State Takes 14 Months to Close 2008-09 Budget Books

On August 27, 2010, in News 2010, by Mark Norris

By Andrea Zelinski, Tennesse Report August 27, 2010 Tennessee normally spends about seven months closing out each budget year, but officials say a string of glitches implementing a new accounting system knocked the state off schedule. State agencies ended up taking twice the time they normally do to close out the 2008-09 budget year — […]

By Andrea Zelinski, Tennesse Report
August 27, 2010

Tennessee normally spends about seven months closing out each budget year, but officials say a string of glitches implementing a new accounting system knocked the state off schedule.

State agencies ended up taking twice the time they normally do to close out the 2008-09 budget year — and Comptroller Justin Wilson said he’s worried the next round of financial audits may also face delays.

“That’s a matter of some concern to me,” he told TNReport.

As of this month, the state has officially finished all audits and paperwork associated with closing up the budget books. The process, which was supposed to be completed by March, lasted 14 months.

Not only do late audits send red flags to Washington administrators keeping an eye on the state’s federal spending, but they also force the Legislature to make decisions based on what could be inaccurate financial reports, said Senate Republican Leader Mark Norris.

This year, said Norris, “we held our nose and passed our budget without it.”

“The bad news is it’s of little use to us now,” he said, adding that lawmakers had to “fly blind” because they didn’t, with certainty, know how much money was in the state’s reserves.

This month, Wilson completed the final two documents required to finish out the budget year, an exercise that was supposed to have been competed in March.

One piece examines state government from top to bottom and is called the Tennessee Comprehensive Annual Financial Report, CAFR. The other, called the Single Audit Report, addresses how the state handles federal money.

Washington officials expected the Single Audit document in March. When they hadn’t received it in May, the U.S. Department of Education sent a letter warning Tennessee that it may withhold payment for fees and claims if the state fails to turn an audit.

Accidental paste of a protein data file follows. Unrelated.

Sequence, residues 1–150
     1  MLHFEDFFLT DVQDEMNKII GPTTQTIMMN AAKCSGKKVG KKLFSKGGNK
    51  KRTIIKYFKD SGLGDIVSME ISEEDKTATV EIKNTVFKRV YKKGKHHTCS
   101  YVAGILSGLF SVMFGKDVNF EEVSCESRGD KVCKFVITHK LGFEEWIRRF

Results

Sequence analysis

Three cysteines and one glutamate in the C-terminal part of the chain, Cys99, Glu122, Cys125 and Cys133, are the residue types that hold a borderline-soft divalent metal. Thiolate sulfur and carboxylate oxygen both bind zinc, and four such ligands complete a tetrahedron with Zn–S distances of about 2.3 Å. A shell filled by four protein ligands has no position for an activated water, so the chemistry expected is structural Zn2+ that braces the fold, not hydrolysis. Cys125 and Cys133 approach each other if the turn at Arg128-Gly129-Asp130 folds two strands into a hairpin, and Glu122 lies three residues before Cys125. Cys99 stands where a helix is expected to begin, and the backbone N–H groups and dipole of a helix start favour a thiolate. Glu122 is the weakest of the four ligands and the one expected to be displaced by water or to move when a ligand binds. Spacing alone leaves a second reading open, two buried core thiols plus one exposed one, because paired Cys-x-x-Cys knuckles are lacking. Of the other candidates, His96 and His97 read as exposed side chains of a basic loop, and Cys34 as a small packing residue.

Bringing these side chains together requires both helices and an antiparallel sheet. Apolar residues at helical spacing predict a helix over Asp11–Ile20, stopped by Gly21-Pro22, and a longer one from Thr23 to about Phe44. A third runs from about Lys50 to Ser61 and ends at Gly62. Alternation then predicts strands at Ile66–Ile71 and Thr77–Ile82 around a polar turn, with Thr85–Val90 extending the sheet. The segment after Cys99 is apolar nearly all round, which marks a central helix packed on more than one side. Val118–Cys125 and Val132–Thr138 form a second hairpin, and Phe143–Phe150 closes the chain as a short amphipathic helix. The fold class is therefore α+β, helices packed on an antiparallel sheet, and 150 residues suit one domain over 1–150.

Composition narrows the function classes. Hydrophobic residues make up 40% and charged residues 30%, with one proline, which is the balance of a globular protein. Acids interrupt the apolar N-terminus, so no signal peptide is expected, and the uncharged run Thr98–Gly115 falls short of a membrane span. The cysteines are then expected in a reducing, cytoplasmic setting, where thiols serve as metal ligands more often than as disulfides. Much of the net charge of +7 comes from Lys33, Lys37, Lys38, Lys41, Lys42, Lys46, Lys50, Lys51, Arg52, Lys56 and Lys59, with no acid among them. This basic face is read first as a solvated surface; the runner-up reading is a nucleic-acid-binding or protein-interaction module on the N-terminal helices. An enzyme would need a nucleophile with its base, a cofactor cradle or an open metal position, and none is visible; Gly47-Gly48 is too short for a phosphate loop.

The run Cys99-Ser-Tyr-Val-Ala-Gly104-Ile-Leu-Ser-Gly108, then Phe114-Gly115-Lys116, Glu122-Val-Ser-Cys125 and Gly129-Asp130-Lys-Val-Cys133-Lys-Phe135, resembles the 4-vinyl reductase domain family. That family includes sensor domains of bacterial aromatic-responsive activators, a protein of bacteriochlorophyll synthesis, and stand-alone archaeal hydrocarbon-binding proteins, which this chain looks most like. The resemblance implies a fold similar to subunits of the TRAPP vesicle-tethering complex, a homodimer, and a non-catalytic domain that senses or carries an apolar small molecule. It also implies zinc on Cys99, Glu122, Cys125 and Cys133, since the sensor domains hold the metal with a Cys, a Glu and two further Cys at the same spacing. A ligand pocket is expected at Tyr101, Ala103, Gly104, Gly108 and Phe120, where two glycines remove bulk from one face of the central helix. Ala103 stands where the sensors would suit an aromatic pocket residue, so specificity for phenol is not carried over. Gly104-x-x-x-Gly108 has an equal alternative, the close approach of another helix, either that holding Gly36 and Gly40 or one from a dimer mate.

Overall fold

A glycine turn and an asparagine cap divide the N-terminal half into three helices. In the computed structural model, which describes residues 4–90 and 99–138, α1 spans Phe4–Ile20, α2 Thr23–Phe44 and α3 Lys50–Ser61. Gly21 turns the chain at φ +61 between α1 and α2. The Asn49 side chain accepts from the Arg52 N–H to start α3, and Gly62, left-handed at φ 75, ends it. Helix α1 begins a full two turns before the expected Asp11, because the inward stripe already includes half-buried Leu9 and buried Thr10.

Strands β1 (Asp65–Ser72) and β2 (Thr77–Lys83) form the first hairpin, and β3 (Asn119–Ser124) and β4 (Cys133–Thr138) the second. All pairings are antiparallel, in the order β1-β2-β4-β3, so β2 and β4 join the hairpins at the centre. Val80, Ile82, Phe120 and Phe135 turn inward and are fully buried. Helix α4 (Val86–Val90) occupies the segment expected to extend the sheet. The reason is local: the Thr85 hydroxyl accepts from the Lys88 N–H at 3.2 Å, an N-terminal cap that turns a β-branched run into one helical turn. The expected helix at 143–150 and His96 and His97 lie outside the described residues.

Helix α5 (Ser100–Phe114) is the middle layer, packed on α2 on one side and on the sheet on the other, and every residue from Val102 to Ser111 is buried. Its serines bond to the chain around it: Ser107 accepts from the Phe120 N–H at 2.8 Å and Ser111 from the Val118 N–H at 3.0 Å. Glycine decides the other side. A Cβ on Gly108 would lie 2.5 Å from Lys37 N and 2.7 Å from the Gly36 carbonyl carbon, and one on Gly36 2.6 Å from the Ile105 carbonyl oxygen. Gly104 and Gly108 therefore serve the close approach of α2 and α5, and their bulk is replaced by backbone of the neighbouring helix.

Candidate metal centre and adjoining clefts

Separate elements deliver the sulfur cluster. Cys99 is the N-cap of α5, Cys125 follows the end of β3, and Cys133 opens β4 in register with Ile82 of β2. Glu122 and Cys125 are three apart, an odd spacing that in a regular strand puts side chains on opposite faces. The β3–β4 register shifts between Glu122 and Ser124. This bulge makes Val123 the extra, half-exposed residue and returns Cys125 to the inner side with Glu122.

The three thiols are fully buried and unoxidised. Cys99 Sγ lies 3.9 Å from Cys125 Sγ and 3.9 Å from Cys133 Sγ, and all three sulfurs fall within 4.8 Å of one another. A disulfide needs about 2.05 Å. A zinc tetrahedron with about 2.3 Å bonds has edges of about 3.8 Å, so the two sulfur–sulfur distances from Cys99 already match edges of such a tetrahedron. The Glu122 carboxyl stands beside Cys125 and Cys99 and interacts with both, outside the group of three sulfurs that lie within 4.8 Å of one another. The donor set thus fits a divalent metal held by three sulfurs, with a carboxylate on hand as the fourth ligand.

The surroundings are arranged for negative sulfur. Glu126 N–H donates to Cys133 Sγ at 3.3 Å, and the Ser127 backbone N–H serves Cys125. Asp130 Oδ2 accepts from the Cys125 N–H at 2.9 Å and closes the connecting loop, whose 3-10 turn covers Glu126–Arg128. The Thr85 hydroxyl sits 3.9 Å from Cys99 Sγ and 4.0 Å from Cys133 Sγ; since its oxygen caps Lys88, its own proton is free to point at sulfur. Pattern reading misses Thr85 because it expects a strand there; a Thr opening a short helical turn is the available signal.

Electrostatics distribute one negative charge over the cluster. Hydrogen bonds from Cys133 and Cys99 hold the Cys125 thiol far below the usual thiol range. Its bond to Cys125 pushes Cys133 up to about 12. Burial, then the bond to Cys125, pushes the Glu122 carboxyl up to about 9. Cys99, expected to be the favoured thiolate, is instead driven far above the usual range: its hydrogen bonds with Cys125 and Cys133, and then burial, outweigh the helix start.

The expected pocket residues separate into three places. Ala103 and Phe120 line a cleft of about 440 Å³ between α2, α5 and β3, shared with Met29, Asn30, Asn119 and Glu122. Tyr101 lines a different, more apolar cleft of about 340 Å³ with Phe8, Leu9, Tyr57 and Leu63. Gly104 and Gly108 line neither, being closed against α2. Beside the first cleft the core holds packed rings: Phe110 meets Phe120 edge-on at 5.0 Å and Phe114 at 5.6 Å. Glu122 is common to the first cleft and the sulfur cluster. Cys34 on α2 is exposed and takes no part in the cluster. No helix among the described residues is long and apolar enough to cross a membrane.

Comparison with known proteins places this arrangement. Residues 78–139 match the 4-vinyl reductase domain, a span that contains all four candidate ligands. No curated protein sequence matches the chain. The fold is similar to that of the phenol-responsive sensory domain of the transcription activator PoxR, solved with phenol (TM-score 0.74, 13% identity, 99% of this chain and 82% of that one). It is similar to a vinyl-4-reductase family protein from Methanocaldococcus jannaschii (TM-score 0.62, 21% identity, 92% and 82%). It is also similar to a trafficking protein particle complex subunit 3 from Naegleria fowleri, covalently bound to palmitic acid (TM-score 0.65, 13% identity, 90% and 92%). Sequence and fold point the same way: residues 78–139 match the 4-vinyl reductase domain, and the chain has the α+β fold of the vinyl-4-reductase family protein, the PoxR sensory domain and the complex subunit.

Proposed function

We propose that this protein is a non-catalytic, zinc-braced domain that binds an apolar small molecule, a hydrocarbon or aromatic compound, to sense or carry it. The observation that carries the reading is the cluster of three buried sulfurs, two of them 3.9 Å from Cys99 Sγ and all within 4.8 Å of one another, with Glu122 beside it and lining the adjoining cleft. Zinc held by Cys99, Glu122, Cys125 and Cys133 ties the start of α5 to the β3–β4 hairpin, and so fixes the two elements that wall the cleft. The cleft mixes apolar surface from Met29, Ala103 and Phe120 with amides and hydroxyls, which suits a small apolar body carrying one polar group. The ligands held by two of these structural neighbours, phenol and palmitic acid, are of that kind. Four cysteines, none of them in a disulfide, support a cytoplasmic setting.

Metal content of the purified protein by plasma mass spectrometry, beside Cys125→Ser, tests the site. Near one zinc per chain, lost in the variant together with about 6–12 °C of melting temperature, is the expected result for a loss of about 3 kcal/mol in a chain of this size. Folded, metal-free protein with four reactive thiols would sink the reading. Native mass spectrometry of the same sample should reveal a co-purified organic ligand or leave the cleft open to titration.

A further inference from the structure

According to the Department of Finance and Administration the federal government never went through with that threat.

The budget year began on July 1, 2008 and ended on July 30, 2009. The state’s finance department normally would have closed the books by Dec, 31, 2009, giving the comptroller’s office until March of 2010 to audit the budget records.

Wilson said he doesn’t know whether the state can realistically get back on schedule this year when closing the books for the 2009-10 budget year.

Norris says he’s not surprised.

“That’s sort of the domino effect. They were seven months behind on this and now it puts them further behind in closing last year’s books,” he said.

The Collierville Republican, who blamed Democratic Gov. Phil Bredesen’s administration for the delays, said he worries that the state’s delinquency status could cause a drop in the state’s bond rating or force the state to reconsider issuing some federal funds.

Department of Finance and Administration Commissioner David Goetz told TNReport in July that the bonding authorities were all up to speed on the state’s problems with its accounting system and said he didn’t expect them to lower Tennessee’s rating.

Goetz, the governor’s budget director, agreed that the new Edison accounting system may have given the state trouble.

“However, problems we experienced over the past year have led to improvements in operations,” he wrote in a letter to Wilson (pdf). “We have established an aggressive schedule to complete the CAFR for FY10 by Dec. 31, 2010. If successful, that would return the closing process to its normal schedule.”

“The Edison system replaces more than 20 major outdated and inflexible legacy systems that were 15- to 30-years old,” he added.

But Wilson said more work needs to be done.

“The ultimate success or failure of Edison depends upon the extent to which the agencies accept and utilize the advantages and recognize the pitfalls of the system,” he said in his own eight-page letter, adding that the state needs to learn from the experience to prevent the large changes from crippling state government.

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